19 September 2009

Going native in the Tourist Culture

Tiny confession: That first night in Vienna, when I was feeling exhausted and coming down with a cold, and headed out into the city in hopes that Discovery and Childlike Wonder At Each New Sight and Spirit of Adventure would be my cure . . . I did not go to an authentic Austrian restaurant, as Arthur would have wanted. I did not discover at that moment that I love Germanic food but just haven't been giving it a shot.

That would be overdetermined and overdramatic and completely false.

Oh, I put in the effort. I examined the menus at several such restaurants and realized that in spite of the personal growth and growing confidence, Germanic food still scares the jeebers out of me. Culinarily speaking, I'm still a coward.

Instead, I opted to go native for the Tourist Culture. Yeah, Tourist Culture--there is one. It's a diverse society that encompasses people of all ethnicities, but only when they're away from home. They--er, we--go to the same places (Eiffel Tower, Venice), eat the same foods (kebabs, pizza), have the same rituals ("Scusi, could you ... photo, me, take? Por favor?"), the same native dress (cargo shorts, walking shoes).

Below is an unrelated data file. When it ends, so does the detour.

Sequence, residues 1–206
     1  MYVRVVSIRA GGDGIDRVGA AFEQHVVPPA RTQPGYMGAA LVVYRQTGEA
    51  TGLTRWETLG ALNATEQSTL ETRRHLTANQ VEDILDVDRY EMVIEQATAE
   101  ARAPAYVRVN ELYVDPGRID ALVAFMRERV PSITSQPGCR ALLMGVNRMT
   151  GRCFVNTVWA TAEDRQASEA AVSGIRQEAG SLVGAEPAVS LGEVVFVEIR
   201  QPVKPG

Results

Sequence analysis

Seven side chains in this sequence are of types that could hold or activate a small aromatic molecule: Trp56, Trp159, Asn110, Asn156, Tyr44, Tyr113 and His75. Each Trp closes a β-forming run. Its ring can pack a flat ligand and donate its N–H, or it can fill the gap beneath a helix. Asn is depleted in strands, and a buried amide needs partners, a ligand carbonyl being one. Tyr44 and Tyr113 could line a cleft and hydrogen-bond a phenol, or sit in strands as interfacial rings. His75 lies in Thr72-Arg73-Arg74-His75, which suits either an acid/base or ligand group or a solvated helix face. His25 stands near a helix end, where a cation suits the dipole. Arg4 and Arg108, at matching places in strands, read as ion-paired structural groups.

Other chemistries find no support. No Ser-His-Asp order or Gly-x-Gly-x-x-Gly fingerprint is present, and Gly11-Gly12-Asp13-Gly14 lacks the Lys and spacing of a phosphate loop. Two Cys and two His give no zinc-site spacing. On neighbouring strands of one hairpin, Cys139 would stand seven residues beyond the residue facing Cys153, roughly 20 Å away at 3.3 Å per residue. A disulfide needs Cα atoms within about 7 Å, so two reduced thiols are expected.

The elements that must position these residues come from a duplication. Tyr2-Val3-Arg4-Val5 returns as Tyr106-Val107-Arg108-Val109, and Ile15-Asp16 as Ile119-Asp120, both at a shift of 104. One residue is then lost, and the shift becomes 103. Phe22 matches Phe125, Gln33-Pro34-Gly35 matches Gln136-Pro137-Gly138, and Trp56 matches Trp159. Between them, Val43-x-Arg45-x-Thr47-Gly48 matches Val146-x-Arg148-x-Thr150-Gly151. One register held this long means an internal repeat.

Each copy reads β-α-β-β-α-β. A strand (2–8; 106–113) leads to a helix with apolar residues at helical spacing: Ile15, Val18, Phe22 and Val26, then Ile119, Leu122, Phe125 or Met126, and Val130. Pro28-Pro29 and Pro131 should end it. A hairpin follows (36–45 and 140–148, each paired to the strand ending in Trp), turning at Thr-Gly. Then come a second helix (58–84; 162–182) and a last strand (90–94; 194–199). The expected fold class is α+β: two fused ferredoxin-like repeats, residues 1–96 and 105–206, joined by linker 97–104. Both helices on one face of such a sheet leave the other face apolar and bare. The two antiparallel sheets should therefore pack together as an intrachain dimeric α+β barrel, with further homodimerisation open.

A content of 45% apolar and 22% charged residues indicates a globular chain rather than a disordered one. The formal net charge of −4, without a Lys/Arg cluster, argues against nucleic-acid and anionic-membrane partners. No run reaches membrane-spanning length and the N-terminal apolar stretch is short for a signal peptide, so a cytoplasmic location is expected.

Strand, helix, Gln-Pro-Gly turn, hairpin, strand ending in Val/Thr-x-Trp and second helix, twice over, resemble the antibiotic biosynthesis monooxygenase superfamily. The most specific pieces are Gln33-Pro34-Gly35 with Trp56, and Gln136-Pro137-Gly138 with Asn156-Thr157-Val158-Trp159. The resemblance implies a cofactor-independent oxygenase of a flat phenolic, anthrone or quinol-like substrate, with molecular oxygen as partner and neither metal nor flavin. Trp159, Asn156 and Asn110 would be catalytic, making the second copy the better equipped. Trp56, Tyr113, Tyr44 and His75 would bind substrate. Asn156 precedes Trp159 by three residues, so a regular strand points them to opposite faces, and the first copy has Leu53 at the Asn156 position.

It is indeed a unique culture, but one to which we belong only temporarily. It's a culture of transience and halfway points, located somewhere between our actual, native cultures and those in which we have booked ourselves for a stay and a look-see.

So I went to the Tourist Culture native hang-out: an Irish Pub (run by guys from England).

Much has been written elsewhere about the rise of the Irish pub around the world. World Hum had a great summary when it included the pubs among its signs of a Shrinking Planet; read it here. See also this Slate article about the company responsible for the phenomenon.  It's called--wait for it--the Irish Pub Company, and it's as formulaic as McDonald's. When I stepped off the plane in Copenhagen, the first restaurant I saw was a place called O'Leary's. I've seen more in every city. They really are everywhere.

For my dinner, I ordered, from the English bartender in that Irish pub in Vienna, the most authentic of German--er, Irish--er, Tourist Culture meals: nachos. It seemed appropriate.

They weren't very good. Which also seemed appropriate.

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